WFD World's Fastest Drummer Extreme Sport Drumming
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WFD World's Fastest Drummer Extreme Sport Drumming describes the sporting event that surrounds speed drummers and a mechanical instrument called the Drumometer, an electronic device invented by Boo McAfee and Craig Alan that is used to count drum strokes. The Drumometer is accepted by Guinness World Records and the WFD World's Fastest Drummer Extreme Sport Drumming organization as the official device used to determine the World's Fastest Drummer.
The primary goal of most WFD competitions is to determine who can play the most single strokes in sixty seconds. According to author Josh Davis[disambiguation needed], "the Drumometer uncovered a deep well of competitiveness." After experimenting with various WFD competition formats in the southern United States, the event achieved international prominence when respected studio and clinic drummer Johnny Rabb became the first person to break 1,000 single strokes in 60 seconds, claiming the title World's Fastest Hands and recognition from the record keepers at Guinness. McAfee and Alan then officially sanctioned their events and copyrighted the phrase World's Fastest Drummer. This was followed by ads in Drum! and Modern Drummer magazines touting Rabb's accomplishment and their Drumometer device. Subsequently they created new classes of speed drumming: fastest feet (for two-footed bass drumming), bare hands, and tag team, among others. Drumometer orders then followed, and the race to best Rabb's feats began. Musical genres - death metal, country, jazz, rock and drum corps - have since battled for dominance in the various categories.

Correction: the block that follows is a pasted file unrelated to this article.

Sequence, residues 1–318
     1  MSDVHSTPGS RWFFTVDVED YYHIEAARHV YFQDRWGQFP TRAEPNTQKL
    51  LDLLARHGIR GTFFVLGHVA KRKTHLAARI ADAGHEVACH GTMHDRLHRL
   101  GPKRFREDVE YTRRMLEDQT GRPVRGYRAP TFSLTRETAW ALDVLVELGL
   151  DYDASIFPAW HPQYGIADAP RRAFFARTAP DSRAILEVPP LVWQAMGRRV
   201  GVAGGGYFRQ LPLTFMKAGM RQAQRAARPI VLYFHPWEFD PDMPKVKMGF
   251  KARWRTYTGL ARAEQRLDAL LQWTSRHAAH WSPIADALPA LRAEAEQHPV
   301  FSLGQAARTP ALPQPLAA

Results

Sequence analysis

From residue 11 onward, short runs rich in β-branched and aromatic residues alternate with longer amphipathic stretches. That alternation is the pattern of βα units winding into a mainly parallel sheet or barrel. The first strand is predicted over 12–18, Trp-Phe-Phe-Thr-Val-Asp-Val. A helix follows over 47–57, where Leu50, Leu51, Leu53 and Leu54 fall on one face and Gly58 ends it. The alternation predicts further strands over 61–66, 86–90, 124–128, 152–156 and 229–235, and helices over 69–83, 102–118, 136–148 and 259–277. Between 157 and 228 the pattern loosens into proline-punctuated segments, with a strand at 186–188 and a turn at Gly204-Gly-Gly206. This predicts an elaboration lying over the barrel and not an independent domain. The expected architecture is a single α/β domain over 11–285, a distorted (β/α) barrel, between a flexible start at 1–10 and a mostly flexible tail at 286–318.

Early stars of the event in addition to Rabb included a veteran jazz drummer named Art Verdi (first person to break 1100 single strokes), Jotan Afanador, the first drummer to regularly perform near 1200 single strokes in one minute. Double strokes "feet" champion Tim Waterson, the first person to score over 1000 single strokes on a bass drum, and the first identifiable personality of the bass drum division via a series of instructional videos touting his widely emulated heel-toe technique.
In 2002 WFD acquired its most recognizable competitor when (now) Dream Theater drummer and Berklee College of Music professor Mike Mangini joined its ranks. Initially Mangini was hard pressed to surpass Afanador, but eventually became the first drummer to surpass 1200 single strokes in one minute with 1,203, and has since dominated the sport, holding several world records. However, in April 2005, Jotan Afanador broke Mangini's world record with 1,219 single strokes in Puerto Rico. Mangini again became the fastest in history with 1,247 in July 2005.
Beginning in 2002 WFD world championships became a biannual affair (winter and summer), and were permanently stationed at NAMM conventions beginning in 2003. With the retirements of Rabb and others from active competition, the sport continued to witness successful runs by New Jersey website personality "Tiger" Bill Meligari, Seth Davis of Seth Davis Drumming, Sam Lecompte, and Eric Okamoto. Recent champions include Matt Smith who at 16 became the youngest WFD champion and the harbinger of a new youth movement within the sport, and two bass drum competitors Tim Yeung and Mike "Machine" Mallais. Yeung (a star of metal drumming) was instrumental in popularizing the sport within that genre, while Mallais decimated most of the existing bass drum world records formerly held by Waterson and Mangini at the Winter 2007 world championships. After the retirement of Waterson, Yeung and Mallais helped usher a newfound popularity in the bass drum division.